Not that it matters that I know more about it than him, since I don't substantively disagree with anything he says. It just isn't relevant to this discussion one way or the other. If you want to watch something that actually bears on these issues, try any of Malcolm Gladwell's talks on Outliers. Here's one, and in this one he mixes up the difference between necessary and sufficient conditions! It's less than 2 minutes in from the cue.

    Popularity is not a function of quality. Ask Britney Spears. Even when Tides of Blood was more popular than DotA, it was not because of the quality of the map. It was because of how we released it and because of how we built up the community. That community was so strong, by the way, that despite 6 years without an update we still get more traffic than any map-specific site other than DotA's.

    And once again, I have no idea why you're harping on programming. I'm not a programmer. I do not study computer science or any other science, unless you count cognitive science. I study topics in literature, philosophy, rhetoric, history, Latin, Greek--all kinds of things. But not programming. Not ever. I just happen to be able to program, too, and I learned to do it because that's how games get made. You can't depend on other people to realize your vision for you.

    Which was my original advice. Learn to do everything yourself or you will fail. I never said programming or art are the most important things. They're just the necessary things, the things that, if you can't do them, you will not see your project through to completion. They are means to an end, not ends in themselves.

    I do not aspire to be a professional game designer. And if you're referring to why DotA became more popular than ToB, we already know. The last new version of ToB was released in 2004, and lack of new content means lack of interest. Nothing went wrong with the map itself, and in fact it was unusually successful: it took DotA about 6 months to catch up to us after we stopped updating.

    Then do. You'll never have to pay for it. Even if I decide to create something for SC2, I will categorically not be using the marketplace.

    That was the point.
     
  11. thisruoy

    thisruoy

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    ^ now that is a big post!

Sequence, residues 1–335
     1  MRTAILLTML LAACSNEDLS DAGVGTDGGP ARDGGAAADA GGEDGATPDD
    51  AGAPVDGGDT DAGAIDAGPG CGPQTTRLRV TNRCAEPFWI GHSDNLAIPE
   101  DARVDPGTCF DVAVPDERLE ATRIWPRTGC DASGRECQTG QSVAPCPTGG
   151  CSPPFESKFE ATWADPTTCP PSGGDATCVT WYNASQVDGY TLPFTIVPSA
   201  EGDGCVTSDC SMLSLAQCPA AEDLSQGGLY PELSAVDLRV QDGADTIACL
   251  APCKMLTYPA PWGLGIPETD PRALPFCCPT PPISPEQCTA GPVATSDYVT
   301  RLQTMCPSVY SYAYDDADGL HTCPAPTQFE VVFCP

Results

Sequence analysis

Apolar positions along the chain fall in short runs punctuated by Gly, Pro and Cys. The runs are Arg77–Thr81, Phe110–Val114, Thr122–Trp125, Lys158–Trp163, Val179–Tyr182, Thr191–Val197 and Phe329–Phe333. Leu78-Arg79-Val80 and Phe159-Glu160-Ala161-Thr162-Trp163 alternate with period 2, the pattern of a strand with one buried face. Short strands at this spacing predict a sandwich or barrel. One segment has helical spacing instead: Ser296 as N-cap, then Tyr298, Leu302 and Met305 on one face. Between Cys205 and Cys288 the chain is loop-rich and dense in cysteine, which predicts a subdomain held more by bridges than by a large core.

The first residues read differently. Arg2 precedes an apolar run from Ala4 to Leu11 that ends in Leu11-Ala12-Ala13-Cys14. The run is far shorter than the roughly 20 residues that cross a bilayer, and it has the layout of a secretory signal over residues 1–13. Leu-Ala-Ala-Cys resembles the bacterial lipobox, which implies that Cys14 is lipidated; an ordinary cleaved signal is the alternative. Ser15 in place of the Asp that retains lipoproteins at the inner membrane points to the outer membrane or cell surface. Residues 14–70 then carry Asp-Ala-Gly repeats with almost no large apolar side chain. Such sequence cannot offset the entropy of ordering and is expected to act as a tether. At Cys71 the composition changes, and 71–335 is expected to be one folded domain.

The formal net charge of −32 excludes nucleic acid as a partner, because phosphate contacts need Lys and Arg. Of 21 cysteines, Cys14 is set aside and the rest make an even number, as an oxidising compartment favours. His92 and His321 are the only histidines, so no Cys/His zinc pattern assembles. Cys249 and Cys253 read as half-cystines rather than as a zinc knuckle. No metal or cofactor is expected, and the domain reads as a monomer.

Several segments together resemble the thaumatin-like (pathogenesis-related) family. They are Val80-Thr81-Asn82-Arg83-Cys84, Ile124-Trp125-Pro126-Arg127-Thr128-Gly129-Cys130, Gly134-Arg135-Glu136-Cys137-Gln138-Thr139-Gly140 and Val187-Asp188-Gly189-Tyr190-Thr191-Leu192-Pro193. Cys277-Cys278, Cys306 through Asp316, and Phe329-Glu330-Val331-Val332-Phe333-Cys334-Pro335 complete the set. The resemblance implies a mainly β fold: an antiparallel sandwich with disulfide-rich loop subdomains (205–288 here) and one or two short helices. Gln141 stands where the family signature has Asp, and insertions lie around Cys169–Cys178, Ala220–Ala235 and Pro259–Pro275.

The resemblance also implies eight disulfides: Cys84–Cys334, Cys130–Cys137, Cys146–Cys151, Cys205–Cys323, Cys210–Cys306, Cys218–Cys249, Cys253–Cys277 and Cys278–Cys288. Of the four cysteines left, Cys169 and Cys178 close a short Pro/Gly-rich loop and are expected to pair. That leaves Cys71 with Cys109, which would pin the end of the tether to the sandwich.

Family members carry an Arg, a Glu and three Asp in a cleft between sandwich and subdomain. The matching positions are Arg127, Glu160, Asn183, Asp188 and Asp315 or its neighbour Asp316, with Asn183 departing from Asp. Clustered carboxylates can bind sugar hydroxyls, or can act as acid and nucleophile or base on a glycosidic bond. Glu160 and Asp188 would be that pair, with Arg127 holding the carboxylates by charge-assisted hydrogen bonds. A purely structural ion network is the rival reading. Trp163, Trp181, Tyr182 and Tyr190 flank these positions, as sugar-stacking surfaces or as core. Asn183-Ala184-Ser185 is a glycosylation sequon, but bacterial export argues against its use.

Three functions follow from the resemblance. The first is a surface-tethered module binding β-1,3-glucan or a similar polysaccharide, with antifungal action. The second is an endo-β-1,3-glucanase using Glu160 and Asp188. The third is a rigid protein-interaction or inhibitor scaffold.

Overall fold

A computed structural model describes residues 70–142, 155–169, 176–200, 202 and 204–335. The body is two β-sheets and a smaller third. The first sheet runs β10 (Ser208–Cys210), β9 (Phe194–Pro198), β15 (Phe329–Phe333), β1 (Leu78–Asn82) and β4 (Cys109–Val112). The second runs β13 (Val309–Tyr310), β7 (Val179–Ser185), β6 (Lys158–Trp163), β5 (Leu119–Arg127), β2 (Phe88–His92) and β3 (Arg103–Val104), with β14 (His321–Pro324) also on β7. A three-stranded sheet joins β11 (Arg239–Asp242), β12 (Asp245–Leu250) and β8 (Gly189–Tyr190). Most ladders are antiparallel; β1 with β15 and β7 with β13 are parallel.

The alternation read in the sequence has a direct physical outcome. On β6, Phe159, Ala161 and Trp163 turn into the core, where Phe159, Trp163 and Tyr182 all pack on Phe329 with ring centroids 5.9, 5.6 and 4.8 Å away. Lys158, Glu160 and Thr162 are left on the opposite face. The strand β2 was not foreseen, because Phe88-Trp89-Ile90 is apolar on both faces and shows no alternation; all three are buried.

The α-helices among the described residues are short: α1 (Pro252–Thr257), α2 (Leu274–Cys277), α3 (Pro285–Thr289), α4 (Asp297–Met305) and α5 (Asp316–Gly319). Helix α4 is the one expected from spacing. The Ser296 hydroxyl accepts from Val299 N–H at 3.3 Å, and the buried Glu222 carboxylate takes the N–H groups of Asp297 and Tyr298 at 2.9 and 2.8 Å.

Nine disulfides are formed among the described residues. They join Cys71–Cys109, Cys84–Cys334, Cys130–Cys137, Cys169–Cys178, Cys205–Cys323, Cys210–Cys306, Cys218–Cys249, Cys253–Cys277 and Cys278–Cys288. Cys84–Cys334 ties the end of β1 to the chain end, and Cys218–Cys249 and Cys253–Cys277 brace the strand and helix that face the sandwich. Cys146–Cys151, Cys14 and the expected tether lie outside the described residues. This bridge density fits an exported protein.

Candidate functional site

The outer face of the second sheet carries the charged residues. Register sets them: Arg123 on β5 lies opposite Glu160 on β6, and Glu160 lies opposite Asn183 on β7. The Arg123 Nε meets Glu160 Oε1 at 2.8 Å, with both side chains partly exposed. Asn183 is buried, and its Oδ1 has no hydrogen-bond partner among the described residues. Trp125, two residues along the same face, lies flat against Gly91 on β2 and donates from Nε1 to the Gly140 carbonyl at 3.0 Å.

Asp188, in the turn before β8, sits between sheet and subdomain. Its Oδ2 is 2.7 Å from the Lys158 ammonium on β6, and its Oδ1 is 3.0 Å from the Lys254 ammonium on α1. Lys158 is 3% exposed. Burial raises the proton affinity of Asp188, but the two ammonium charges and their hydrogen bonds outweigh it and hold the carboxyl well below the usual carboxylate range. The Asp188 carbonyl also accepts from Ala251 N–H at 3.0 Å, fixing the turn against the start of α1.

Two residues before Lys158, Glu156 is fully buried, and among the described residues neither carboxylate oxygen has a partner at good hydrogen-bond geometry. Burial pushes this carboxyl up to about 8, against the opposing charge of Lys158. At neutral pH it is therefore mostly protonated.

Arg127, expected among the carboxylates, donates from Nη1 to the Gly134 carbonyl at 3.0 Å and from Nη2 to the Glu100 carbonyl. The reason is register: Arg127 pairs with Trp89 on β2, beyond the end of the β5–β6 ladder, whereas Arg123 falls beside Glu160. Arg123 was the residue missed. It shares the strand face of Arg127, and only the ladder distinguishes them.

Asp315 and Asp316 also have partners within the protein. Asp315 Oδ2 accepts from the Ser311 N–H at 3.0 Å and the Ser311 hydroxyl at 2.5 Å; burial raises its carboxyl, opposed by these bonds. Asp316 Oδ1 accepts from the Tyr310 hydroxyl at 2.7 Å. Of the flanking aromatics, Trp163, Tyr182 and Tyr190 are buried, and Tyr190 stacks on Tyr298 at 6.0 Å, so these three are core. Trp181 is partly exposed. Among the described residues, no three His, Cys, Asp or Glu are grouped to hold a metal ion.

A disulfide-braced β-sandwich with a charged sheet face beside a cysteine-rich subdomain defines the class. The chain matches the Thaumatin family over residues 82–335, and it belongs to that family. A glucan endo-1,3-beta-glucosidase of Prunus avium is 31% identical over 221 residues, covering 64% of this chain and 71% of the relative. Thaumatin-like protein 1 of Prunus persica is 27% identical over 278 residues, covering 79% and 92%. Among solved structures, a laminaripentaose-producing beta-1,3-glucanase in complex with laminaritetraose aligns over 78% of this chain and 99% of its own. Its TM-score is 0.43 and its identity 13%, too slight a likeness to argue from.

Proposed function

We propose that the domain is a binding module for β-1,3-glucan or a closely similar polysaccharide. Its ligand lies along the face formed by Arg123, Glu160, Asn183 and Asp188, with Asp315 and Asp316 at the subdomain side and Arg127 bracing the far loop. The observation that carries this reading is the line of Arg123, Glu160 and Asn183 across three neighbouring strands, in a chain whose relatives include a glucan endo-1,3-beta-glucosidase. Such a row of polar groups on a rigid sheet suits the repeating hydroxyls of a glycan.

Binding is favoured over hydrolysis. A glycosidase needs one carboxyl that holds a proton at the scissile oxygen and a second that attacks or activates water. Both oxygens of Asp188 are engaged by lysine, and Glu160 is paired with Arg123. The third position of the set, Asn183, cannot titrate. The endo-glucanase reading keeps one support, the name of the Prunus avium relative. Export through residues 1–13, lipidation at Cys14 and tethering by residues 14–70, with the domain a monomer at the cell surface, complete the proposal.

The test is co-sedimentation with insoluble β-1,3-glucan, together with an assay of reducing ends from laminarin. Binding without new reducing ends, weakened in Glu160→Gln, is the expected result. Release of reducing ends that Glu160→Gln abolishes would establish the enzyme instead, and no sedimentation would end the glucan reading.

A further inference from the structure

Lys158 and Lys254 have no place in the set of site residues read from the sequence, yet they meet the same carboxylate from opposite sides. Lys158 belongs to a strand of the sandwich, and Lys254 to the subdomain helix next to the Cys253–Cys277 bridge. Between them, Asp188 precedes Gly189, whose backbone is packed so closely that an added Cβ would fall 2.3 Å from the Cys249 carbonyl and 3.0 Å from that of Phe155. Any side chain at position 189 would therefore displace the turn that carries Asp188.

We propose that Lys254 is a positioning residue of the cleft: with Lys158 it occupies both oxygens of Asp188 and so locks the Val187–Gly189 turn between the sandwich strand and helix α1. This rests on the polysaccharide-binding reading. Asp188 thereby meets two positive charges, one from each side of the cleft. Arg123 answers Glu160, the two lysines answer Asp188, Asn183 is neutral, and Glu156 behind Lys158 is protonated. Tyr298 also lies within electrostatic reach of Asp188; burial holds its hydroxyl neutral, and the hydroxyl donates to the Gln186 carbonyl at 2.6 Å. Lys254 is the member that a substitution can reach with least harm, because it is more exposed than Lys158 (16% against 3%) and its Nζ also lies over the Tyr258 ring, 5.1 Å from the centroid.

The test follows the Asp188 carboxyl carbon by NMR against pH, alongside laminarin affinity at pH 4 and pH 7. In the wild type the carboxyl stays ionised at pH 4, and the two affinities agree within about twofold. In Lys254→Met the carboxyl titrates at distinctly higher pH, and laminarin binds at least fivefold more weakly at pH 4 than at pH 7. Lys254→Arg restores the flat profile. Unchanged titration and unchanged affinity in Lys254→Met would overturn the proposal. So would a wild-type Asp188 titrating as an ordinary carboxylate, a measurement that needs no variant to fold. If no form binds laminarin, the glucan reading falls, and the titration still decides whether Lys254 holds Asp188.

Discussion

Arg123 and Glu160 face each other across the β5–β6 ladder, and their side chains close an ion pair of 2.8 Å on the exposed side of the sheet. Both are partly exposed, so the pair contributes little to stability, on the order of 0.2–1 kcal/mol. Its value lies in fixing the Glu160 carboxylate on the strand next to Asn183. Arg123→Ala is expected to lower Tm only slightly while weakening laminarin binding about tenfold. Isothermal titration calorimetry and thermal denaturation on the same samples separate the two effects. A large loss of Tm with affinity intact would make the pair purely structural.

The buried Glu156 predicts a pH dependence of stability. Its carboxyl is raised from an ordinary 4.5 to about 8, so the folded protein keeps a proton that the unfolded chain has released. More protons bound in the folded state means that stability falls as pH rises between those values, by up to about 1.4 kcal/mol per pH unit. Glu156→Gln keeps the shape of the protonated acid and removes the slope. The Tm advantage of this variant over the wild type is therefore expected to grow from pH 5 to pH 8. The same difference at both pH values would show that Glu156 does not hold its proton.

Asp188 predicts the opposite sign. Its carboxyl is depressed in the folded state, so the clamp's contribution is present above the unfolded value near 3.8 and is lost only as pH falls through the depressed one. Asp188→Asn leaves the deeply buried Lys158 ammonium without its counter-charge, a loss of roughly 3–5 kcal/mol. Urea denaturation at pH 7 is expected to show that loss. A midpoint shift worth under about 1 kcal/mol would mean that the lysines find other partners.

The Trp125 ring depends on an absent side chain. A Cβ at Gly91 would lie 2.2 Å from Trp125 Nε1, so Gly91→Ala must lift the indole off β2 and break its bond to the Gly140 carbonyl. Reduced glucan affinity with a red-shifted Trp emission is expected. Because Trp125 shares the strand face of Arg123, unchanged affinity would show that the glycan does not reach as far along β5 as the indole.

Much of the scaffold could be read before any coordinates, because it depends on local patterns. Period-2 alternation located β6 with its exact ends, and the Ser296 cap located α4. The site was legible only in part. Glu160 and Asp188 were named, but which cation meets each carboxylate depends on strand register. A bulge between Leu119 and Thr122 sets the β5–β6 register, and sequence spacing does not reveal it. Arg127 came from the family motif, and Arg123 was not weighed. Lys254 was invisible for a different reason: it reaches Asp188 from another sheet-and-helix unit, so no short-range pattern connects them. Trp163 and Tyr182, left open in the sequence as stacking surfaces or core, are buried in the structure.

and oversky, i think many of the unit editing will be similar in sc2 as it was in warcraft3. Terraining will possibly be similar. Who knows..
     
  12. Hero_Lief

    Hero_Lief

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    Cassiel, you rarely post. But when you do, it's meaningful, proves a point, and it's LOOOONG.
     
  13. sLsIDK

    sLsIDK

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    Wall of text is super effective when it is offtopic, Wall of text crits for 9999999.
     
  14. overload119

    overload119

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    Yeah, crit my heart for 9999999.

    Everything this man says is gold. He is my idol.

    I put on my flame retardant suit.
     
  15. The World Is Flat

    The World Is Flat

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    This has now become a very very silly thread! :D
     
  16. overload119

    overload119

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    It becomes funnier each day Mr. Cheese doesn't post.
     
  17. Fussiler1

    Fussiler1

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    Could be because he lost interest or he thinks he's beaten by Cassiel.
     
  18. DungeonM

    DungeonM

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    Or maybe it's because Cassiel is the epitome of arrogance.
     
  19. Fussiler1

    Fussiler1

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    I never heard him say that he's above you all. :|
    Sure, maybe he acts a bit superior, but why would he intentionally do that?
     
  20. Cassiel

    Cassiel

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    Cassiel use big words, make fun, prove people wrong. Cassiel bad.